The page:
Customers must adhere to the following requirements of Komatsu when using biodiesel blends above B5 and up to B20. Komatsu requires the biodiesel fuel blend be purchased from a BQ-9000 certified marketer. The B100 biodiesel fuel used in the blend must be sourced from a BQ-9000 accredited producer. Certified marketers and producers can be found at the following website: http://www.bq-9000.org.
Under certain biodiesel operating conditions, fuel dilution of lubricating oil has been observed. Monitoring of fuel dilution can be accomplished by performing oil sampling. Fuel levels in lubricating oil must not exceed 5 percent.
In order to determine if the oil change interval needs to be modified, the end users are required to use oil sampling during the first six months of operation to monitor engine oil condition and fuel dilution of lubricating oil.
Fuel water separation
Biodiesel has a natural affinity to water and water leads to accelerated microbial growth. Storage tanks must be equipped with a fuel water separator to make sure that water is eliminated before entering the vehicle tank. In addition, equipment should be equipped with a water separator as well. It is recommended that the vehicle and storage tanks are kept full to reduce potential condensation in the tanks.
Due to the solvent nature of biodiesel, and the potential for “cleaning” of the vehicle fuel tank and lines when using biodiesel, new fuel filters must be installed when switching to biodiesel. Fuel filters will need to be replaced more often. Specifically, the first two fuel filter changes, after biodiesel introduction, will need to be changed at one half the standard intervals, i.e. if the standard interval is 500 hours then the filter will need to be changed at 250 hours.
Komatsu genuine fuel filters must be used for fuel filter changes.
Biodiesel fuel storage
Biodiesel fuel must be used within six months of its manufacture date. Long-term storage problems have occurred with biodiesel due to its poor oxidation stability. This poor oxidation stability is accelerated with increased ambient temperature. For this reason, Komatsu does not recommend using biodiesel for low use applications, such as standby power or seasonal applications. Your fuel supplier can recommend oxidation stability additives.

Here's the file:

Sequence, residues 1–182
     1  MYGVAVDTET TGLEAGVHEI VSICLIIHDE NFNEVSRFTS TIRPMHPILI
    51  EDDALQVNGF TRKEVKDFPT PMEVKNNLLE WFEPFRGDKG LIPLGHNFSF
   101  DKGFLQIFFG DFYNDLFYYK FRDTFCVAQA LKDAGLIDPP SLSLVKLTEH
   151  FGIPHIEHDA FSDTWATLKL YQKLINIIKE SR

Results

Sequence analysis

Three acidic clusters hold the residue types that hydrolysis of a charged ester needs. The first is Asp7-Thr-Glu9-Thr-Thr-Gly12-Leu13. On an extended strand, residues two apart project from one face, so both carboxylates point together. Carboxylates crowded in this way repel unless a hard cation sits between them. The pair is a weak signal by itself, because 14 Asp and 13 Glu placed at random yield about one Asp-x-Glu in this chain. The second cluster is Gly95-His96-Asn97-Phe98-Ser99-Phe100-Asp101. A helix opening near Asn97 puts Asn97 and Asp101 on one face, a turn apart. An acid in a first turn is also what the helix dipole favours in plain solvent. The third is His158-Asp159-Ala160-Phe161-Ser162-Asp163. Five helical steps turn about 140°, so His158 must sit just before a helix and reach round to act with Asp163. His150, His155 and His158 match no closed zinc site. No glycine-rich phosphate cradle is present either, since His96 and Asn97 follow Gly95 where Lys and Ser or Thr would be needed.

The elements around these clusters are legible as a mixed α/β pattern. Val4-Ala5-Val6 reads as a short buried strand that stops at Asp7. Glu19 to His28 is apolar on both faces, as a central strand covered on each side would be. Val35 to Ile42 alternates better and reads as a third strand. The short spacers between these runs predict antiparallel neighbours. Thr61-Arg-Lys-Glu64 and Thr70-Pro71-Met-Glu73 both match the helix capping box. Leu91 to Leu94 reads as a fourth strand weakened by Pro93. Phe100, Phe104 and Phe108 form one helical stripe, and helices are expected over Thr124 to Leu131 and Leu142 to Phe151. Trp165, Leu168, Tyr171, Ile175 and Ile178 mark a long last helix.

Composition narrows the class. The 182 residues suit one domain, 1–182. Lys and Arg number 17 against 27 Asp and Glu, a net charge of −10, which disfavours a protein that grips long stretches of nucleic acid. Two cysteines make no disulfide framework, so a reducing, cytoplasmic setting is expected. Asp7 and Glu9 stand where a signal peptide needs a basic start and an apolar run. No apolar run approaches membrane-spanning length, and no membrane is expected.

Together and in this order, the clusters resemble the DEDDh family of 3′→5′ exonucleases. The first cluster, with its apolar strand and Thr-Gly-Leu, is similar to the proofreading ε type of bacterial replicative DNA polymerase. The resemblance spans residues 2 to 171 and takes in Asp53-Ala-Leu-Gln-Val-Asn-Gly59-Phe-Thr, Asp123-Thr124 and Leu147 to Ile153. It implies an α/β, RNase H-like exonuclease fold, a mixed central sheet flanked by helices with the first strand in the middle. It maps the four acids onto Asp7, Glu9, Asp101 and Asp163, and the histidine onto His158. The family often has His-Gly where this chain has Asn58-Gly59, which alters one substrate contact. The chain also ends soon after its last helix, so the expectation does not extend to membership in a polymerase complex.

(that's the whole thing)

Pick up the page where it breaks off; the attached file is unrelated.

When using biodiesel for seasonal applications, the engine system must be purged before storage by running the engine on pure diesel fuel for o minimum of 30 minutes.
When storing biodiesel in bulk storage tanks the systems must be properly cleaned and maintained. Steps must be taken to minimize moisture and microbial growth in storage tanks. Users should consult thier fuel supplier for assistance in storing and handling biodiesel.
Avoid storing equipment with biodiesel blends in the fuel system for more than three months or fuel system damage can occur.
B100 biodiesel provides approximately 7 to 10-percent less energy per gallon of fuel when compared to conventional diesel fuels. Depending on the application, operating with B20 biodiesel blends can result in a slight decrease in fuel economy and power.
Engine material compatibility
Biodiesel may affect engine elastomers, therefore periodic checks of seals and hoses are required.
As previously mentioned, biodiesel has excellent cleaning properties. As mentioned earlier, fuel filters will need to be replaced and inspected more often. Specifically, the first two fuel filter changes after biodiesel introduction will need to be changed at one-half the standard intervals, i.e. if the standard interval is 500 hours, then the filter will need to be changed at 250 hours. When replacing fuel filters at any time, it is strongly recommended that the fuel filters be inspected for metal particles.
As previously mentioned, biodiesel properties change with ambient temperature change. In low ambient temperature, biodiesel will start turning waxy or gelling. Precautions must be taken when storing in low ambient temperatures by using a heated building or a heated storage tank. Additives can be used for low ambient operation.
The fuel system may require heated fuel lines, filters and tanks to avoid being plugged by biodiesel fuel solidifying in low ambient temperatures. A fuel heater is recommended for ambient temperatures below -5C (23F). Users should consult their fuel and additive supplier for assistance in attaining proper cloud point fuel.
Biodiesel fuel is an excellent medium for microbial growth. Microbes cause fuel system corrosion and premature filter plugging. The effectiveness of all commercially available conventional anti-microbial additives, when used in biodiesel, is not known. Users should consult their fuel and additive supplier for assistance.
Komatsu America is based in Rolling Meadows, Ill.